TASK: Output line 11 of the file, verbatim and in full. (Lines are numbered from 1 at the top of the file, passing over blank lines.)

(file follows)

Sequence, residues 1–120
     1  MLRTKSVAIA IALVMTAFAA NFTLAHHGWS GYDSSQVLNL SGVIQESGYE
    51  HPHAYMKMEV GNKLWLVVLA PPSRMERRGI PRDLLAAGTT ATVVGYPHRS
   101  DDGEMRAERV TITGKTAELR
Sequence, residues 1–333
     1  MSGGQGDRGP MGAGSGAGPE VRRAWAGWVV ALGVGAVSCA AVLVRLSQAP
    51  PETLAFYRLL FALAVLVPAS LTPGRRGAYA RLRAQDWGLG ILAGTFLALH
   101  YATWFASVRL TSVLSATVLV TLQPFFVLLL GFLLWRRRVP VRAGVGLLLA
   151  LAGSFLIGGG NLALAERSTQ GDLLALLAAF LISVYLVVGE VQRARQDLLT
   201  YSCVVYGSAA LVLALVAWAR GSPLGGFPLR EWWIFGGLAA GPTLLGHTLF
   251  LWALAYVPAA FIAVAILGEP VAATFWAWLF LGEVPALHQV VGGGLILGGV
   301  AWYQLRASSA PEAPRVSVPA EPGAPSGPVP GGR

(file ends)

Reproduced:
   251  LWALAYVPAA FIAVAILGEP VAATFWAWLF LGEVPALHQV VGGGLILGGV